Slipping into Outsized Roles: The Salesman

While conversing with a friend last night, I confessed to him that I’d been reduced to tears by three films that I’d watched recently. In return, he asked me why humans love sad endings so much. Of the three films that I’d watched, only two of them had “bittersweet” endings, the third one — Wonder Woman — briefly induced tears of relief during action sequences. But his question about our affinity for stories with tragic endings made me think about what makes tragedies so compelling.

Aristotle, who along with Socrates and Plato, laid down the foundations for much of Western philosophy, also wrote the earliest surviving book on dramatic theory — Poetics. In Poetics, he offers that when one watches a tragedy unfold on-stage, emotions such as pity and fear get purged; one experiences catharsis.

In Asghar Farhadi’s ( A Separation, All About Elly)  Oscar-winning tragedy, The Salesman, one experiences more than just fear or pity because of the auteur’s ability to wrench out complex emotions out of a seemingly facile setting. The film opens with a long tracking shot of Emad Estesami, (Shahab Hosseini) a lecturer and theatre actor, running up and down the stairs of a building that’s shaking with tremors. Cracks appear in the walls of the home that he shares with his wife, Rana (Taraneh Alidoosti). The couple moves out of that home and into a quaint apartment, which is littered with the belongings of its previous tenant. The tenant was a single mother, and the haunting traces of her invisible life, urge the protagonists to get her property out of the house as soon as possible.


Farhadi, who studied theatre in school, borrows the title of this film from a Pulitzer-prize winning play, Death of a Salesman by Arthur Miller. While the association might feel superficial in the beginning, Farhadi is a gracious filmmaker; he uses both theatrical melodrama and stifling silences to draw attention to the ways in which fiction parallels real life. Like Miller, the Iranian-filmmaker is a political storyteller, whose work builds to a quiet devastation by disrupting societal norms.

The childless married couple belongs to a theatre troupe, engaged in the production of Death of a Salesman. Their roles as Willy and Linda Loman, whose desire for social mobility leads to crushing disappointments is an unambiguous reference to the Estasmis’ need to maintain the facade of domestic bliss, even when things go south.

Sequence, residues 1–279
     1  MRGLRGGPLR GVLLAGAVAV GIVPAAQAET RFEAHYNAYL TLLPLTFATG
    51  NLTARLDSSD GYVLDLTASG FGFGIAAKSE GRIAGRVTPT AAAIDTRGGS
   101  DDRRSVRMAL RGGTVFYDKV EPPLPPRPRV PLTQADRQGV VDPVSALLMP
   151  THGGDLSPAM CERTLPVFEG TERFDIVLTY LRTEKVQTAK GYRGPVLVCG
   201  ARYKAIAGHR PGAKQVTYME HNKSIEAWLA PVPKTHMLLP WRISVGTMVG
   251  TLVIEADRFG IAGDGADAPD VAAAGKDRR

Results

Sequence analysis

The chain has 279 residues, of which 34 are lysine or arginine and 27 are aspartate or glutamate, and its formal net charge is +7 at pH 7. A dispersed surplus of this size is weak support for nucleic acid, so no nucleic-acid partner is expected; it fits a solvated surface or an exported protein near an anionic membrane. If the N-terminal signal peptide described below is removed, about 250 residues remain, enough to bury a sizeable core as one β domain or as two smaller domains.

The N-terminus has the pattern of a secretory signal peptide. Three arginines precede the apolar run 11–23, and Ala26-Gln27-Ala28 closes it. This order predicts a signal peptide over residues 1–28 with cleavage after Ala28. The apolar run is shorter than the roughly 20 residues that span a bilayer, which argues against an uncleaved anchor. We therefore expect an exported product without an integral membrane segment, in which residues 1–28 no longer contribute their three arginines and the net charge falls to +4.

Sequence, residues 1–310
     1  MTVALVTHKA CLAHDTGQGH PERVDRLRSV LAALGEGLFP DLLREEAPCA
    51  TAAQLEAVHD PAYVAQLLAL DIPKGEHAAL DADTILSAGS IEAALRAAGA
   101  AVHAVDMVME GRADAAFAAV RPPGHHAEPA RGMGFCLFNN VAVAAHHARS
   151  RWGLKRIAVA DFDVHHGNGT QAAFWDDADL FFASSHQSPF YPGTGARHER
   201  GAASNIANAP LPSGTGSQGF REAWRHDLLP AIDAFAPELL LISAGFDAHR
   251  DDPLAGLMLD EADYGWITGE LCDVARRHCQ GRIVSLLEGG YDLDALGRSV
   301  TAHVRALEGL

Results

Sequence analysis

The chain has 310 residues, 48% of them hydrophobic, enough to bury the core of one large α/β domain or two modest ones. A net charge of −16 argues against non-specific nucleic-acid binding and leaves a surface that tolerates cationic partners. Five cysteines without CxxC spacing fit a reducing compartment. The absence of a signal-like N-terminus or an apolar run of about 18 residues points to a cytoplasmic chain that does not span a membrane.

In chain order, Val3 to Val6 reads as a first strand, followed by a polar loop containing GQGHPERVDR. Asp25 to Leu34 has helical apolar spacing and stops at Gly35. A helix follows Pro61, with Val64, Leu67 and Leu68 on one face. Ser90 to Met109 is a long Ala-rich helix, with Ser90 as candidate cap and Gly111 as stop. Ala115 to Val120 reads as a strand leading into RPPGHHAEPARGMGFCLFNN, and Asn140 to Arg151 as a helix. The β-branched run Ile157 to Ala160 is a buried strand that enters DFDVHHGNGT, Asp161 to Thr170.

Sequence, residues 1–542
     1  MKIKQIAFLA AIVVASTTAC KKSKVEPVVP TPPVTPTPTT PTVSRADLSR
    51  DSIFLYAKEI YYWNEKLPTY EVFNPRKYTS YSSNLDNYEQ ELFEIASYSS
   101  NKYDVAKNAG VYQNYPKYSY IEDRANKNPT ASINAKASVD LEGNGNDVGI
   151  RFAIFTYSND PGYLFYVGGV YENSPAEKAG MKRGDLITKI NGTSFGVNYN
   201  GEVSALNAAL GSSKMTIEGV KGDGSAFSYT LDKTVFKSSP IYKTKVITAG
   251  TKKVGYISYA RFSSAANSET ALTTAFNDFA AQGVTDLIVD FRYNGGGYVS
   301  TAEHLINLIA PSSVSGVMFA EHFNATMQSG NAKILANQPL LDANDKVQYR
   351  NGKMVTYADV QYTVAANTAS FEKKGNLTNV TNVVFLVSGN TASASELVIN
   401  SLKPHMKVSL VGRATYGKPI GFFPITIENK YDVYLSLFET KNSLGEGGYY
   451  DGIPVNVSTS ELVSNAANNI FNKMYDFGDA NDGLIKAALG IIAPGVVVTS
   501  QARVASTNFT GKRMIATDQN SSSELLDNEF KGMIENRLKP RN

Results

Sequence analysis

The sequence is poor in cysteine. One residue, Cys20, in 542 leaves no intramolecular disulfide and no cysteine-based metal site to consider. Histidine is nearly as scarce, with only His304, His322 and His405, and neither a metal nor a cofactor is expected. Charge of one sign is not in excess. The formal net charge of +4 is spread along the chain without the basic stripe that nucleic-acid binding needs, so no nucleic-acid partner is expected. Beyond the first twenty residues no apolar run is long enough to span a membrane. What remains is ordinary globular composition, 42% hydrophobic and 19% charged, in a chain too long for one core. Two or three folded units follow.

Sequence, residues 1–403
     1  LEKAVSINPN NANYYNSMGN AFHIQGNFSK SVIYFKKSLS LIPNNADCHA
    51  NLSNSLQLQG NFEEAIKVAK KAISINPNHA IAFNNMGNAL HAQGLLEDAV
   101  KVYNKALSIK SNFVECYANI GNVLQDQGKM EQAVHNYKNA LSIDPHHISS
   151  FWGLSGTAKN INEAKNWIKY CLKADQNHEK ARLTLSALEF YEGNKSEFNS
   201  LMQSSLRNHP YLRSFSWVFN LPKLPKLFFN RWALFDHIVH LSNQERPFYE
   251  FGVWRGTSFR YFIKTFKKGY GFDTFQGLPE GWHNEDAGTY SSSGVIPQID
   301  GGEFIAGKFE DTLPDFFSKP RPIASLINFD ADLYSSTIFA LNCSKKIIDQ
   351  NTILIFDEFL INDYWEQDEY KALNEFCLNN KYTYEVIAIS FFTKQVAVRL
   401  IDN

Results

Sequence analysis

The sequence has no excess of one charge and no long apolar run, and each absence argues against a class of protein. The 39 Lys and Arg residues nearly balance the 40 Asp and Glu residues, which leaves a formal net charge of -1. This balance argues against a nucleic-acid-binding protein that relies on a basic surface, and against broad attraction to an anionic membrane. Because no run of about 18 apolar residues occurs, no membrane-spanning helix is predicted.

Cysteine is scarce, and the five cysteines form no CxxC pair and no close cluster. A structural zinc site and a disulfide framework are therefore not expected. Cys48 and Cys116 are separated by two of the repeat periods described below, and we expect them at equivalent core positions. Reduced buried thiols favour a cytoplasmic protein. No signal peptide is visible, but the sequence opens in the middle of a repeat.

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One night, when Rana is alone at home and taking a shower, the buzzer goes off. She unlocks the front door, thinking it’s her husband and steps into the shower again. The next time we see her, she’s unconscious on a hospital bed with a huge open wound on her forehead. Back at home, Emad attempts to rummage through the debris and looks for clues, feeling incapacitated because he couldn’t protect his wife. He pieces together a sequence of events — an intruder entered the house when Rana was taking a shower, an ensuing struggle leads to the glass door getting broken, the intruder leaves with bloody feet — which lead him to a murky quest in search of retribution.


When Rana returns home, she displays classic symptoms of Post Traumatic Stress Disorder (PTSD) and refuses to discuss the incident with anyone including the police. While conducting his own private investigation (without Rana’s knowledge or approval), Emad finds out that the previous tenant was a prostitute. He infers that the intruder must have been a former client, who thought he was joining her in the shower and even left some money on the floor. Emad’s spiteful behaviour in contrast with his progressive appearance further alienates the audience from his character.

While explaining the characteristics of an ideal protagonist in a tragedy, Aristotle wrote that he must be, “A man who is highly renowned and prosperous, but one who is not preeminently virtuous and just, whose misfortune, however, is brought upon him not by vice or depravity but by some error of judgement or frailty…” According to him, the flaw in the protagonist’s character — Hamartia-– is essential because it keeps him on a human plane. In The Salesman, Emad’s descent from a beloved schoolteacher to a man, whose antiquated ideas of machismo drive him towards violence, reveals unforeseen fissures in his marriage.  

In the climax sequence, when the threat of a phone call is employed as a final weapon it becomes apparent that shame defines the proceedings of the film. It clings to the couple as they try to piece together their life after Rana’s rape. It haunts the wings of the theatre where the co-actors are only too eager to know if Emad managed to nab the culprit. It brings out Rana’s underlying complexity and decency. It permeates Emad’s consciousness and converts him into a cardboard caricature of toxic masculinity as he succumbs to almost primal vindictiveness.


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